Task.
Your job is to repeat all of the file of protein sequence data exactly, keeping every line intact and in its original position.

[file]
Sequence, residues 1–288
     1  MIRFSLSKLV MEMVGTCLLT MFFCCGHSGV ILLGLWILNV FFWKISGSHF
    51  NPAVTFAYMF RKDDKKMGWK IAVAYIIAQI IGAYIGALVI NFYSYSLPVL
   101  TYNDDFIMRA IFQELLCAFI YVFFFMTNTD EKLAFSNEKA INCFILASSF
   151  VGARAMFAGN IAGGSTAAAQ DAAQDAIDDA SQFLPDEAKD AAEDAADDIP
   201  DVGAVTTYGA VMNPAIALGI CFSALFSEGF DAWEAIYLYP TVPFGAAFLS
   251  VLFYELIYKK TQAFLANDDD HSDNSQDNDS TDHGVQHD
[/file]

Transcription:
Sequence, residues 1–288
     1  MIRFSLSKLV MEMVGTCLLT MFFCCGHSGV ILLGLWILNV FFWKISGSHF
    51  NPAVTFAYMF RKDDKKMGWK IAVAYIIAQI IGAYIGALVI NFYSYSLPVL
   101  TYNDDFIMRA IFQELLCAFI YVFFFMTNTD EKLAFSNEKA INCFILASSF
   151  VGARAMFAGN IAGGSTAAAQ DAAQDAIDDA SQFLPDEAKD AAEDAADDIP
   201  DVGAVTTYGA VMNPAIALGI CFSALFSEGF DAWEAIYLYP TVPFGAAFLS
   251  VLFYELIYKK TQAFLANDDD HSDNSQDNDS TDHGVQHD